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An Inquiry

Adapted from
Scientific American Frontiers
Teaching Guide:
A Different Way to Heal?
A Biased View

Nature of Science:

Social Context:


We now have a textbook for students on the nature of science. It's intended to replace, or supplement, the inadequate first chapter of your text. It's designed to coordinate and help sequence several of the nature of science (NOS) lessons on the ENSI site. It is targeted to students in any science class, grades 7-10 (or beyond). It helps to satisfy virtually all the new NOS standards in NGSS and Common Core. If you've used any of ENSI's NOS lessons, you already know how powerful they are. This new book addresses most of the common misconceptions about NOS. It also provides information about the differences between good science, poor science, and pseudoscience. It offers clues for recognizing those differences, and opportunities to practice using those clues. "What's this magic book I've been waiting for all my life?" It's called Science Surprises: Exploring the Nature of Science. "Tell me more - like where can I see this book?" Say no more. It's available as an eBook, published with Smashwords. Click Here to get more information and a link to sample (and purchase) the new eBook Science Surprises.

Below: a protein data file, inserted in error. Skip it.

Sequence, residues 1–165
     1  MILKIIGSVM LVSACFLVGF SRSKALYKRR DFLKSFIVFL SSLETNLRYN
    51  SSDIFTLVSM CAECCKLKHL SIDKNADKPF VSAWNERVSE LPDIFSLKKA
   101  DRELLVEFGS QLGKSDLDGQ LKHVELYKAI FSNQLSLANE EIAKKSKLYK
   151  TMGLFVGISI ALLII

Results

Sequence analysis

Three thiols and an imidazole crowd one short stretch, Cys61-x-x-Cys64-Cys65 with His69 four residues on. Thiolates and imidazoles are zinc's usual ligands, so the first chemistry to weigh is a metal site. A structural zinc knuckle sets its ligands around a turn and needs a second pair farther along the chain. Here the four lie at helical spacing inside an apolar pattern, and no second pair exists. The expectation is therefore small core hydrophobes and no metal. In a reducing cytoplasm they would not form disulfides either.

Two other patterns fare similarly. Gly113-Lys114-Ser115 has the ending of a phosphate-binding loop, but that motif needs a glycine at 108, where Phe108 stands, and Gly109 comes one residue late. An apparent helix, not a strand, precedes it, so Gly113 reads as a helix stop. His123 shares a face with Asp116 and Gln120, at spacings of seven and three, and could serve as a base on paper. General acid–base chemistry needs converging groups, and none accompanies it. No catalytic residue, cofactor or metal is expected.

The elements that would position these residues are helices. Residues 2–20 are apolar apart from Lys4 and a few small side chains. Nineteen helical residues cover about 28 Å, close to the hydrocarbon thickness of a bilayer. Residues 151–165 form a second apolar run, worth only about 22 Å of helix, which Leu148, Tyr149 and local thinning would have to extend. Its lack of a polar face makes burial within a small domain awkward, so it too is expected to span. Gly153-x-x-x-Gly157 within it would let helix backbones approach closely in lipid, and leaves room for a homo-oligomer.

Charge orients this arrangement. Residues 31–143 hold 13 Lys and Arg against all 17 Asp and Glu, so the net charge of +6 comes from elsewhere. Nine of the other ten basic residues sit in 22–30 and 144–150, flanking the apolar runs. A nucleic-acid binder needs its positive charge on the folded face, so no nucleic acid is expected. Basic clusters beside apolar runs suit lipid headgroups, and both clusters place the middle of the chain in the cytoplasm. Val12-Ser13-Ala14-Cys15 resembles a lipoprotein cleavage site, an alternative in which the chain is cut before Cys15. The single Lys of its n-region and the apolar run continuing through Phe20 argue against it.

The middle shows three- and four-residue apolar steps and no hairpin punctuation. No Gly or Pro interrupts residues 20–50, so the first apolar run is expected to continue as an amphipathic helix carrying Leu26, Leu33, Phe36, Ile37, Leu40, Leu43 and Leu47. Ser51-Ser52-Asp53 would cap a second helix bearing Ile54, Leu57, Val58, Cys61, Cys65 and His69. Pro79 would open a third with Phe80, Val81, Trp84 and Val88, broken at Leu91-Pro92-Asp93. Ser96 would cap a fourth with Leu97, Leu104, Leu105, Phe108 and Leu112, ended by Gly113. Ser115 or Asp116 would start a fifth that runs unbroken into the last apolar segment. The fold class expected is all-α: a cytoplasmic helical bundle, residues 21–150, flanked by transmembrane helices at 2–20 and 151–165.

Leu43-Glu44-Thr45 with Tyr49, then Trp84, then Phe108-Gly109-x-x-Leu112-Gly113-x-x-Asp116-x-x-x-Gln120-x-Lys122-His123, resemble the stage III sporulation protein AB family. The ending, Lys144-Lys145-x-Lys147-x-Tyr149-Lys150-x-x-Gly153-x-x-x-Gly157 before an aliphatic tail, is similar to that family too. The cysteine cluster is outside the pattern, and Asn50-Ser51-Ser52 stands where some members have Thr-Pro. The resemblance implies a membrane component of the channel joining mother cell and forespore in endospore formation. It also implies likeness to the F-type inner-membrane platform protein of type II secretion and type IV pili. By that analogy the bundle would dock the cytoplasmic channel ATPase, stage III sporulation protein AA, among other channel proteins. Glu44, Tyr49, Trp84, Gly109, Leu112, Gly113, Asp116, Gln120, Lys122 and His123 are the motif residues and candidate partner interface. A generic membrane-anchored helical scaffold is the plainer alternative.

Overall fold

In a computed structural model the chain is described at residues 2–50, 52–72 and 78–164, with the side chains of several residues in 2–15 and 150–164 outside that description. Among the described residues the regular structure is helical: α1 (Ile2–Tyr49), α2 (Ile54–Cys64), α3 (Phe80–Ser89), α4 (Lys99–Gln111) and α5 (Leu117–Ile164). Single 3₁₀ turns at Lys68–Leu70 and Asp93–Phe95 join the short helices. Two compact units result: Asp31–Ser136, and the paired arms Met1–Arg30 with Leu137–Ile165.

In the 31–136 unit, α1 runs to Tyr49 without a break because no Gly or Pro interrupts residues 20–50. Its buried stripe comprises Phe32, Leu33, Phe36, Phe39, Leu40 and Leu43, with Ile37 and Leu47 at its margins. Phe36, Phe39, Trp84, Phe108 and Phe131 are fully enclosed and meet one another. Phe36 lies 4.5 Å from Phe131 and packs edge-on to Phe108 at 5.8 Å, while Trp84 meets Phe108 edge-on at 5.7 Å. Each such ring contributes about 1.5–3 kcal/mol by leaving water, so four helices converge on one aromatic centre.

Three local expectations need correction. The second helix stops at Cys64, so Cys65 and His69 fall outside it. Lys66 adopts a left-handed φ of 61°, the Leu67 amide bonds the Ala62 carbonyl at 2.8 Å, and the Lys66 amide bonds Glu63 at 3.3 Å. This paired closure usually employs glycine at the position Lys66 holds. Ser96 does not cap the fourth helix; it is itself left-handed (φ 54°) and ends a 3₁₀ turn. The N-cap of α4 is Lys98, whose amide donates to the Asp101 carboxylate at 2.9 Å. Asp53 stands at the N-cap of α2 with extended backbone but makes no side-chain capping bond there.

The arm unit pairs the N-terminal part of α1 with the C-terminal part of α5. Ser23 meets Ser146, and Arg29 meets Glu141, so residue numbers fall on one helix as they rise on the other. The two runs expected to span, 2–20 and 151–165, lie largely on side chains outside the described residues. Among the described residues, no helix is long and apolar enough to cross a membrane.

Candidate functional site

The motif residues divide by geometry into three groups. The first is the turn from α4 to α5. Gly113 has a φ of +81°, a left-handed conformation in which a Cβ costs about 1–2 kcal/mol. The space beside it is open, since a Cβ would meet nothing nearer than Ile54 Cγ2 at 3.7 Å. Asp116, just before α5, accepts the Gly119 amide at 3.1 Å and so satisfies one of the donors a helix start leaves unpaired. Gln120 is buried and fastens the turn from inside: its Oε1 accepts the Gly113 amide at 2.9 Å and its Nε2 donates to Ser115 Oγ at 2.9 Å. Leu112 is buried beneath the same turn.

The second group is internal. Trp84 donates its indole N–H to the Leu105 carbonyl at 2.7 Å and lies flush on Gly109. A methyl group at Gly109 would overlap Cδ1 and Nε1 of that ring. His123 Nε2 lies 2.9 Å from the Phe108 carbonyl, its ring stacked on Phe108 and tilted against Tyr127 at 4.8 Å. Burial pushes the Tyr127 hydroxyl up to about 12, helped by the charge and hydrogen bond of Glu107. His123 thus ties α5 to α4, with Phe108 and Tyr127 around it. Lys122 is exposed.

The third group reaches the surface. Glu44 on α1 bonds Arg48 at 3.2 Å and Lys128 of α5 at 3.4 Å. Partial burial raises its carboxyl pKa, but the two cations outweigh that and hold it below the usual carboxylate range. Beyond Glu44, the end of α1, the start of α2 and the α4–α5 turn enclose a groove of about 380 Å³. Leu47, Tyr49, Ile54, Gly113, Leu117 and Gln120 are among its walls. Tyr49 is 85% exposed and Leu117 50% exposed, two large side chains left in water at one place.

Students experience bias by testing the idea that we have an "aura" by which others can sense our presence. This is done by holding a hand about 15 cm (6 in.) above one or the other of another person's outstretched hands (randomly selected), and that person reports if there is any sensation experienced in that hand. This is done 15 times with the subject's eyes open, then 15 times with the subject blindfolded. By comparing and discussing results, students come to recognize the placebo effect (a kind of confirmation bias), and the value of of a "blind" experiment to test this effect. They also see how the "Therapeutic Touch" idea is an example of a pseudoscience.


  1. Understanding science enables one to differentiate it from pseudoscience and non-science.
  2. Science is essentially a process of critical and skeptical thinking.


  1. Confirmation bias can influence observations.
  2. The placebo effect is a type of confirmation bias.
  3. Therapeutic Touch is an example of a pseudoscience.


   Students will....

  1. Students will recognize when personal judgment can influence observations.
  2. Given a description of an experiment or planned observation, students will recognize if judgment is involved in obtaining the results.
  3. Students will recognize when bias has possibly played a role in the observations made.


Clean blindfold
Tissue (like Kleenex), fresh for each subject
Journal (to record data)
Coin to flip easily, OR a die to roll in a box or tray

Before starting the study, students set up a data table in their journals, to record results of 15 trials with subject's eyes open, then 15 trials with subject blindfolded.


Data gathered outside of class, results shared and discussed in class. 1 class period.
STUDENT HANDOUT Therapeutic Touch (Background, Materials, Procedure and Questions): 2 pages back to back.


In any of the discussions expected with the class, select a few key items (important concepts) that lend themselves to interpretation, and introduce class to the Think-Pair-Share (TPS) routine dealing with those items. This is how "Active Learning" is done.